Integrated physical medicine may improve outcomes, reduce cost in musculoskeletal care

Integrated physical medicine services in employer-sponsored health clinics may decrease wait times, improve clinical outcomes and lower the costs of care for patients with common musculoskeletal conditions, according to results published in the Journal of Occupational and Environmental Medicine.

Daniel J. Lord, DC, CCSP, and colleagues compared clinical and economic outcomes of physical medicine services delivered in integrated employer-sponsored clinics vs. the community.

“In our primary care model, we have the primary care physician as the quarterback but, along with the nurse, they have a physical therapist, a chiropractor, a behavioral health provider [and] health coach who surround the physician,” Lord, who is a physical medicine senior program manager at Crossover Health, told Healio.com/Orthopedics. “So, [the primary care physician] can act as a quarterback and send the patient to the right person soon and take care of a lot of musculoskeletal injuries upstream.”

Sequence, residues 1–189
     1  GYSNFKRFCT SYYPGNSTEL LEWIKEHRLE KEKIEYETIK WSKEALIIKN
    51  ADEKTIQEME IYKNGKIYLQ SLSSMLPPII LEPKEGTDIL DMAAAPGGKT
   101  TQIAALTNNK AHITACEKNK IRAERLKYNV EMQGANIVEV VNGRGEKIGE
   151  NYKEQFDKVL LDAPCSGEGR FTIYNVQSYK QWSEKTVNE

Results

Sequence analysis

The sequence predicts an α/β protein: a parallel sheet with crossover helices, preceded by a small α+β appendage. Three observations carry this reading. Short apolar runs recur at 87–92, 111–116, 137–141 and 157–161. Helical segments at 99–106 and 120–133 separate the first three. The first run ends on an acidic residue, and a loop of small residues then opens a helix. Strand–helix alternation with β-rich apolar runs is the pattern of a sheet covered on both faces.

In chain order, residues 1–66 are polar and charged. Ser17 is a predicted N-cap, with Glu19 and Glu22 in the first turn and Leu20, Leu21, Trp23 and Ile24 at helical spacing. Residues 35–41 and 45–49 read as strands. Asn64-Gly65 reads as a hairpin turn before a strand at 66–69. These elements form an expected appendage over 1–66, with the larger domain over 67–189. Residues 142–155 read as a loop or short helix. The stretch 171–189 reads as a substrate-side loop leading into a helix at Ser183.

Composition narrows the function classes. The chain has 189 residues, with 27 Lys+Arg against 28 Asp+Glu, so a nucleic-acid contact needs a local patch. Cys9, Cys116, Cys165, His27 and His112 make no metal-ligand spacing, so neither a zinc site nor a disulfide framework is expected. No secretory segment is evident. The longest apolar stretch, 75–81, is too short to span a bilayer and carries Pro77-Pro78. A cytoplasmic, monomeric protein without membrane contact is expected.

To evaluate access to care, researchers calculated the lag between when patients set up appointments and their first visits. Researchers also used the Focus on therapeutic outcomes tool to collect demographic and functional status and the fear-avoidance belief questionnaire.

Results showed patients had shorter wait times for physical medicine care when accessed through the employer-sponsored clinic vs. the community, with a median time between when the patient scheduled the appointment to when it occurred of 6 days for physical therapists and chiropractors and 8 days for acupuncturists compared with 14 to 30 days in the community. Researchers noted significantly greater improvements in functional status in fear of pain avoidance among patients in employer-sponsored clinics.

“We found that not only are people getting better, but we are getting people better in far less time and with fewer visits than the community,” Lord said. “So, if you go to the community and see your physical therapist, you are going to have 10, 12, 14 visits. If you see us, we are going to do it for six to eight visits less.”